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Horowitz: McConnell’s omnibus betrayal demonstrates the Senate was lost from day one

Op-ed
Alex Wong/Getty Images

For those feeling bad that Republicans didn’t win the Senate, you will now understand that Democrats already enjoyed supermajority control of the chamber, including command of the GOP leader himself. Every GOP Senate leader from McConnell on down has agreed to codify nearly every one of Biden’s spending priorities and affirm every single unconstitutional, harmful, and tyrannical policy for the entire remainder of the fiscal year, thereby sabotaging the leverage of the incoming GOP House majority.

What is scary about the past couple of weeks of budgetary negotiations is that even as Republicans and Democrats disagreed, they really agreed on 99% of the budget and 100% of the policies. They merely fake-jousted over $26 billion in broad generalized spending out of a $1.7 trillion budget. Essentially, both sides agreed to write the military a blank check of $858 billion for its woke and aimless policies. The only disagreement was that Republicans wanted to spend the same level as Biden on non-defense spending – $787 billion, while Democrats wanted to spend $813 billion. In other words, they were arguing over 1.5% of the discretionary spending budget.

So how did they solve the “impasse”? Democrat Pat Leahy and Republican Richard Shelby – both senators who will no longer be in the chamber for the remainder of the fiscal year – announced they would drop an omnibus bill in the coming days, while passing a seven-day stopgap bill so they can pass the omnibus next week. The top-line non-defense spending numbers will be somewhere in between $787 billion and $813, but they are keeping them quiet so members can’t complain!

This is the great suspense – the exact decimal point of a spending increase. Republicans like Biden’s budget top-line, which is 8% above last year’s levels for non-defense spending; Democrats wanted slightly more, and they split the baby. This perfectly encapsulates the uniparty.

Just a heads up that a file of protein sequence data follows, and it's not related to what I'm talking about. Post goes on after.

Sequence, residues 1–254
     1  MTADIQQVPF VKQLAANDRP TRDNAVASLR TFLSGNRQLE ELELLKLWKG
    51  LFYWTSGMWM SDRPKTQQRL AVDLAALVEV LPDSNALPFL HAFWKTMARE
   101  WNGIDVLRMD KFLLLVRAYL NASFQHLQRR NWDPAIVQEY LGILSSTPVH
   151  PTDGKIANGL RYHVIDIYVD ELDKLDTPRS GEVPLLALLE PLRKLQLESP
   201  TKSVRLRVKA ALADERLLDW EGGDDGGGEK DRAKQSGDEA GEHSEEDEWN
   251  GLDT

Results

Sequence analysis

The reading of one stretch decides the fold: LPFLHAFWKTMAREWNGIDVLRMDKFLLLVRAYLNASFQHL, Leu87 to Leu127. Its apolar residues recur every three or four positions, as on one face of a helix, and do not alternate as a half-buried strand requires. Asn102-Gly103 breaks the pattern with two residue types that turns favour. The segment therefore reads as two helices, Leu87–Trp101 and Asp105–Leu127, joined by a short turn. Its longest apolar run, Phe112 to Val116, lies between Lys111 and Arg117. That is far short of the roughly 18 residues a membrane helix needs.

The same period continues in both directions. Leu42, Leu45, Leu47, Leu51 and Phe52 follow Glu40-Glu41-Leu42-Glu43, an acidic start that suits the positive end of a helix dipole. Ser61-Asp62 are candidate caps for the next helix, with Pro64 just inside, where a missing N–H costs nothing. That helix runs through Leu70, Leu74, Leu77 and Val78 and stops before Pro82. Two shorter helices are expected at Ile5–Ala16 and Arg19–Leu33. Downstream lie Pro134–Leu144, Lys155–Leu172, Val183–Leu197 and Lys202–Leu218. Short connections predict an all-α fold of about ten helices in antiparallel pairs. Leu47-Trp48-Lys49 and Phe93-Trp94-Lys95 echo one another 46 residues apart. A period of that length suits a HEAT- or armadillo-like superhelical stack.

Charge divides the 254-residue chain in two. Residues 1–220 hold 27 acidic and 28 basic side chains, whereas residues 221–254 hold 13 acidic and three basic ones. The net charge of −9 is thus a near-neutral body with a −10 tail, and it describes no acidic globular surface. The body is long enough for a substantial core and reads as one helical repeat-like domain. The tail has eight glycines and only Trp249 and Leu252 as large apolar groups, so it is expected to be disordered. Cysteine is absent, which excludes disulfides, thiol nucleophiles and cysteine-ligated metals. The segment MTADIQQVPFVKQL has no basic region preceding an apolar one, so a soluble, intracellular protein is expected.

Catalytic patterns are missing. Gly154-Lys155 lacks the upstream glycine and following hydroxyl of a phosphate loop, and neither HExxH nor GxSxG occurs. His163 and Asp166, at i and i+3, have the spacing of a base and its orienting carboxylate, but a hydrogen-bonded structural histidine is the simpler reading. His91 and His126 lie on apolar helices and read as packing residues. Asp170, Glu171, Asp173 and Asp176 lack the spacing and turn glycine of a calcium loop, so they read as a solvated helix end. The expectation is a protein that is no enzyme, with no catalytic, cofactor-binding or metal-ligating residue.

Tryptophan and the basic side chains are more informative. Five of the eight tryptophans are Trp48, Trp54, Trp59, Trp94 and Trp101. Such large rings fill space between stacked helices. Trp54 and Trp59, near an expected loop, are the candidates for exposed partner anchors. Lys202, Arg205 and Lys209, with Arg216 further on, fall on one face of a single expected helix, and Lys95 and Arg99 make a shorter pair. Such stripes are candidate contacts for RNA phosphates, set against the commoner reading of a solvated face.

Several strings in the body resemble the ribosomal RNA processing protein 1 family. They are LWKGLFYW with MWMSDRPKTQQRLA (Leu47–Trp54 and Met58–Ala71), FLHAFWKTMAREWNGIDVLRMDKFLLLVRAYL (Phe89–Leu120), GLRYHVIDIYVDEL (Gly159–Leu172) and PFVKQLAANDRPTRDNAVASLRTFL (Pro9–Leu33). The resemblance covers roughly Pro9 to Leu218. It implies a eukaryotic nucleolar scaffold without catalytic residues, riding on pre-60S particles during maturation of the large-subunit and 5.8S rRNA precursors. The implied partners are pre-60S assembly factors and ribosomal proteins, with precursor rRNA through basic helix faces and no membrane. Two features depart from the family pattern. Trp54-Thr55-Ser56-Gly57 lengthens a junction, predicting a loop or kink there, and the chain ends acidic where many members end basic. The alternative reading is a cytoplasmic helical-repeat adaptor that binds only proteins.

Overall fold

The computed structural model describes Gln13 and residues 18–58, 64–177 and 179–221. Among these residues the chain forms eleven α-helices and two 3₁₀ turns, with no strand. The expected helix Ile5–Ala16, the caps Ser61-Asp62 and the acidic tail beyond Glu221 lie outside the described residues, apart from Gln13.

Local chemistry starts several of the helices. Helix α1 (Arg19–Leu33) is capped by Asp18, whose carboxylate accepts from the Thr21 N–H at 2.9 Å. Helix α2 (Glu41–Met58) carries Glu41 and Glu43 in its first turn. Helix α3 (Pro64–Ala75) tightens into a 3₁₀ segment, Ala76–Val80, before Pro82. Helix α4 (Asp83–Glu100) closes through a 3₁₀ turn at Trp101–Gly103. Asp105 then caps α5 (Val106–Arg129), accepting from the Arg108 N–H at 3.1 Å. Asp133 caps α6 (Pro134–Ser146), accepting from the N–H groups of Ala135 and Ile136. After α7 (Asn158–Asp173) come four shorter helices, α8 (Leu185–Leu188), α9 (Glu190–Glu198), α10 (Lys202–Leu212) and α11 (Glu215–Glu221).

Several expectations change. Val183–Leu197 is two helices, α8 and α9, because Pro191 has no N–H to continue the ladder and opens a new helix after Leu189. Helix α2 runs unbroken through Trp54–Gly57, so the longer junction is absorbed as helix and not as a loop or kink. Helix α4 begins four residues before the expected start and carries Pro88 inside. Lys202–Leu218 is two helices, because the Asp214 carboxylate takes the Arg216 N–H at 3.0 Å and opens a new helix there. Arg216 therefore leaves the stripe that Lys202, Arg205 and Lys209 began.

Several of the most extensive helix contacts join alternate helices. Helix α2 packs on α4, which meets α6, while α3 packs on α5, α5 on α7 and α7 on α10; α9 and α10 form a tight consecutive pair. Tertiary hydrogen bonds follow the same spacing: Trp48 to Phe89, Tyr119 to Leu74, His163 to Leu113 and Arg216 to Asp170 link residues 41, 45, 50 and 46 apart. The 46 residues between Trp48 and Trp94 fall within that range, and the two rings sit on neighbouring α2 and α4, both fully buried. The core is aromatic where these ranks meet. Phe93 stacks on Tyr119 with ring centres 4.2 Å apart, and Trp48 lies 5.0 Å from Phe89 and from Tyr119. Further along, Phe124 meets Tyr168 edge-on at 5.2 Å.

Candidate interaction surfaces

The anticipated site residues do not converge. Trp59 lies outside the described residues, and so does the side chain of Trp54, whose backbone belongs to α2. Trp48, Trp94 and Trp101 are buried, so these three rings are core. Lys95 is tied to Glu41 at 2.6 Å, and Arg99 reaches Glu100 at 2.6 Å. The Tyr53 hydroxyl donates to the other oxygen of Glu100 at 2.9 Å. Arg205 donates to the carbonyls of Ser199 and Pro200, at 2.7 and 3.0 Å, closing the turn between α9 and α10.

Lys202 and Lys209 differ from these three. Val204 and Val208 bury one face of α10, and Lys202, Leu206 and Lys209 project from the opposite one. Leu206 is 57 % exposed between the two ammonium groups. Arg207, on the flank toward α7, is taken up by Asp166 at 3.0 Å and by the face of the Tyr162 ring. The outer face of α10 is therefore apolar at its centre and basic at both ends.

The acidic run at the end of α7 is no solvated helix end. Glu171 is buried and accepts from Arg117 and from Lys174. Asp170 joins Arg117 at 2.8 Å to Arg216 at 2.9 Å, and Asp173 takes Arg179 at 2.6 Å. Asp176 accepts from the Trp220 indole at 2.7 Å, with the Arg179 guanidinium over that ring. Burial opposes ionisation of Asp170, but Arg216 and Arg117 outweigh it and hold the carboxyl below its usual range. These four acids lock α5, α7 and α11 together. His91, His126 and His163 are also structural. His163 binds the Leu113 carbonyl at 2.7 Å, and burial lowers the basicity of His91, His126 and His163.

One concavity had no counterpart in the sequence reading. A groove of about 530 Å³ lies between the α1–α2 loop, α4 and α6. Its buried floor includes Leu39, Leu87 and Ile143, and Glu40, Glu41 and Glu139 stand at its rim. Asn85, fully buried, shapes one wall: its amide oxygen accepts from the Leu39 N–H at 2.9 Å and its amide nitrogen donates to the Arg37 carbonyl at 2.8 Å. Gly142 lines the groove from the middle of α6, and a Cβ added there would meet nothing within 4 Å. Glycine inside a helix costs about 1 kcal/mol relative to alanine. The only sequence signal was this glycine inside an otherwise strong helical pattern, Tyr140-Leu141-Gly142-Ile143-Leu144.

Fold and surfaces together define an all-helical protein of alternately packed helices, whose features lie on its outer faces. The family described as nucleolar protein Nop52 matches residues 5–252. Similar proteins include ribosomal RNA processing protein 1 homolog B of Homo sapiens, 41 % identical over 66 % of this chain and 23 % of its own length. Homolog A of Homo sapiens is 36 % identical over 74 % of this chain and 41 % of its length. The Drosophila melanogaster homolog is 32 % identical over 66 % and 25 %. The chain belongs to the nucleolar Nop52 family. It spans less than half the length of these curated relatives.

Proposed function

Here we have a government that is spying on the American people, criminalizing political opposition and free speech, mutilating our kids, funding pharma’s biomedical security state on our bodies, working with the cartels to invade our country, handing our inheritance to Ukraine, and choking off our energy during an energy crisis. Republicans are content with all of that and are even fine with blocking Republicans in the House from dealing with these crises until next year. For example, our government is paying Pfizer yet another $2 billion for its COVID drug, for which there is no independent study showing it’s safe and effective. All they are fighting over is a few billion in extra general spending, when the malfeasance agencies being funded are already flush with cash even under the Republican proposal.

Hearings in the House can be meaningful if they serve as the hammer driving into the anvil of a budget deadline in which Republicans will defund the policies that are found to be harmful and unlawful in the hearings. Senate Republicans have taken that off the table for a full year. Just consider the border invasion issue alone. The Biden administration is preparing for up to 14,000 illegal aliens a day, which is an annualized flow of 5.1 million! The president will have no budget bill hanging over his neck to keep him in check.

On Wednesday, Rep. Chip Roy asked the Rules Committee to consider his stopgap bill that would fund government until Feb. 3. It was rejected. That should have triggered automatic Senate GOP opposition to the budget deal, but of course Senate Republicans have a lot more in common with their Democrat colleagues than they do with their voters.

The final bill will contain extra Ukraine funding because both sides agree to this insanity. McConnell said on Tuesday, unfortunately with merit, that “continuing support for Ukraine is the popular mainstream view that stretches across the ideological spectrum.” This is on top of the $60 billion – all without any oversight whatsoever despite everything we now know about the money pit. This, at a time when the public share of the debt is almost 100% of GDP, up from 35% in 2007, when we thought George W. Bush was a big spender.

Republicans balked at extra spending on COVID (beyond the unfathomable amounts already baked into the base budget), but only because they felt there were existing accounts that were unspent, not because the COVID agenda is killing us and needs to be banned.

Thus, the entire funding for this fiscal year and all the policies it encompasses were set in motion by a number of retiring senators, led by Richard Shelby (RINO-Ala.), the ranking Republican on the Appropriations Committee.

Interestingly enough, Democrats only have a two-vote majority in the House, due to recent vacancies. Yet nobody seems concerned that they will lose a single vote on a contentious issue like the omnibus. Why is it that only one “side” of the uniparty is always united?
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